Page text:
There are some areas on the boundaries of the inner city which originally operated a combined sewerage system, but later received a rainwater drainage system (a modified combined sewerage system). There, the rainwater is drained into the rain sewage overflow drains of the combined sewerage system.
The Combined System
This system almost single-handedly drains the old inner city of Berlin and Spandau also including the area surrounded by the inner circle line of the S-Bahn (city rail). In this combined sewerage system, household, commercial and industrial waste water is collected in a single drain together with the rainwater, and then fed to the next pumping station. From there, the combined sewage water usually takes the same route as the sewage from the separate sewerage system. The combined sewerage system includes not only rainwater relief facilities, but also water retention canals and rainwater overflow basins to retain combined sewage during periods of rainfall, and to thus delay its passage to the sewage treatment plant. In 2017, 18 such plants were in operation. In brief heavy rainfall, they are able to completely take up the combined sewage overflow. There are exceptions for situations of extended, intensive rainfall events. Once water then reaches a certain height in the drains, or if the pumping stations can no longer cope with the volume of water received, the combined sewage – which, in case of such downpours, consists mainly of rainwater (at a ratio of about 1:9 of waste water to rainwater) – flows untreated into the water bodies via rainwater overflow drains.
Combined sewage overflows depend on the weather. Annual analyses illustrate the great extent to which combined sewage overflows fluctuate. Between 2007 and 2017, the number of days on which combined sewage overflow was recorded fluctuated between 33 and 60 days per year. The overflow volume ranged from 2.1 to 7.5 million m³ per year.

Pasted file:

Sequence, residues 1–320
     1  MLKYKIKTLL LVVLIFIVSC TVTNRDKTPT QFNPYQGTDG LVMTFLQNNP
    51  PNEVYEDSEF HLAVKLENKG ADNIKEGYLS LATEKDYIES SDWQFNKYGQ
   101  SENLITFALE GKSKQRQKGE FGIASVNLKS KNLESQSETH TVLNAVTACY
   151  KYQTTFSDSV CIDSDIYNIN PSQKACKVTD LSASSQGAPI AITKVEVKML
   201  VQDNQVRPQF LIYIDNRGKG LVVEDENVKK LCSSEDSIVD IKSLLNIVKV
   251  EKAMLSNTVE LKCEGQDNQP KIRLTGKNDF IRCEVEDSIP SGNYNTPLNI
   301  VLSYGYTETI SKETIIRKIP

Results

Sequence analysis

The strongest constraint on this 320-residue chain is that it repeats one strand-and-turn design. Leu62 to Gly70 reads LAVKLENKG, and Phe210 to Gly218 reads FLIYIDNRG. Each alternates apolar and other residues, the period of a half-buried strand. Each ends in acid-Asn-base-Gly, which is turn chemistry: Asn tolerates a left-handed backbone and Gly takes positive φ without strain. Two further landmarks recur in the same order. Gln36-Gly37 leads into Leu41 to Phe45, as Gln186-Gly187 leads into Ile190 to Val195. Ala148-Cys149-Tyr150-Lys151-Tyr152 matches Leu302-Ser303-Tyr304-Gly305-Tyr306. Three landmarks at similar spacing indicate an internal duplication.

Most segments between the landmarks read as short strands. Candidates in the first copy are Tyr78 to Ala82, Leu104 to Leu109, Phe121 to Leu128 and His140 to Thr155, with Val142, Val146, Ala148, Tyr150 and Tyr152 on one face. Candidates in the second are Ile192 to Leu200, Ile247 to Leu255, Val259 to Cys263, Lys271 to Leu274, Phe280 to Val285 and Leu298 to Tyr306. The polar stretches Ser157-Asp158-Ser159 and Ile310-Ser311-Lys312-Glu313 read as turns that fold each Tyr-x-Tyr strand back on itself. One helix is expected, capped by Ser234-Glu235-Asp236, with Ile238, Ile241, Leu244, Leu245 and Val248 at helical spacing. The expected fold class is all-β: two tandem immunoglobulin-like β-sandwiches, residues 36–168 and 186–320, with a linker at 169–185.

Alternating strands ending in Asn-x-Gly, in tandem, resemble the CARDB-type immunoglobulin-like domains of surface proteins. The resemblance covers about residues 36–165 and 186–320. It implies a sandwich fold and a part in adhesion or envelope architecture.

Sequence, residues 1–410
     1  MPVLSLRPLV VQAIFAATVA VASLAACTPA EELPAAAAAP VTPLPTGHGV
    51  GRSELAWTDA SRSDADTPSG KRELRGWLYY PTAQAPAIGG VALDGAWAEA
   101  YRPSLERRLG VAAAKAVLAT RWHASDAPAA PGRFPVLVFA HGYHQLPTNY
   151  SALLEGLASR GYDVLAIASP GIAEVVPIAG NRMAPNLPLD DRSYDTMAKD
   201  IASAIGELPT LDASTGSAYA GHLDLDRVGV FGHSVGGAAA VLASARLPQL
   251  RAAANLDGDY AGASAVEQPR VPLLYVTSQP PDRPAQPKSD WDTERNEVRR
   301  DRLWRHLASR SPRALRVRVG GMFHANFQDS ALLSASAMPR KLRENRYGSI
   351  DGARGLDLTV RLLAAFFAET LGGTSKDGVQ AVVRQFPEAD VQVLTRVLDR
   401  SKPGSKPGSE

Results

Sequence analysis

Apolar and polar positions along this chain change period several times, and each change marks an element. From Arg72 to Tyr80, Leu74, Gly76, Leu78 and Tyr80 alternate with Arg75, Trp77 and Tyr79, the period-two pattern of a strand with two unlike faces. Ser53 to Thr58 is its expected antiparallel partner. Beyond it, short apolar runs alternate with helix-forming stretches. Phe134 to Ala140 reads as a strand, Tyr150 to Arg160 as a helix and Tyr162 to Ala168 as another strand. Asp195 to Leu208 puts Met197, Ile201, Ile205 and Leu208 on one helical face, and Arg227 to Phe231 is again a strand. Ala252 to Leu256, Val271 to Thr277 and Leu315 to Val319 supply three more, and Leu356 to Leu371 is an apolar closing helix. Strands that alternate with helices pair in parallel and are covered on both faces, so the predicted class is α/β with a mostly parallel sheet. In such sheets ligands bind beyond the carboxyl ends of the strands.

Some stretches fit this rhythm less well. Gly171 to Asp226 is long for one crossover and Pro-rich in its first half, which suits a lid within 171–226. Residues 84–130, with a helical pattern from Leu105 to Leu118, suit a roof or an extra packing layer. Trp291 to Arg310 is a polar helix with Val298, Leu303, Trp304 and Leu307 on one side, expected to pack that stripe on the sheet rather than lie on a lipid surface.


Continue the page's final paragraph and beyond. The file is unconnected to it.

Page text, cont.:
When analyzing the days for which combined sewage overflow was recorded, it should be noted that rainfalls often occur locally and that combined sewage overflows are therefore regionally contained and temporally limited.
In order to achieve the environmental objectives of the Water Framework Directive and to meet the requirements of the water authorities‘ permission to discharge combined sewage into Berlin‘s bodies of water, the BWB and the Senate have launched a construction programme to create a total of 300,000 m³ of retention capacity (current storage capacity is about 235,000 m³) in the inner-city combined sewerage system by 2024. This will considerably reduce overflow frequencies and volumes of combined sewage flowing into the Berlin water network.
Areas without Rainwater Drainage
In the outskirts of the city, there are areas connected to sewerage systems, which do not include, however, rainwater drains. In these areas, rainwater seeps into the ground.
Areas without Waste Water Drainage
Despite considerable efforts by the Berlin Waterworks (BWB), not all inhabited areas have been connected to the sewerage network as yet. In those built-up areas of Berlin with no house connections, sewage is collected in septic tanks with no discharge, from where it is taken to sewage treatment plants by authorized transport companies.
A separate map has been developed to document the drainage situation exploring the discharge of rainwater into bodies of water. It shows the catchment areas of the rainwater drains (Map 02.09.2). Every built-up area connected to the rainwater drainage system is matched to the water body receiving these discharged quantities of rainwater.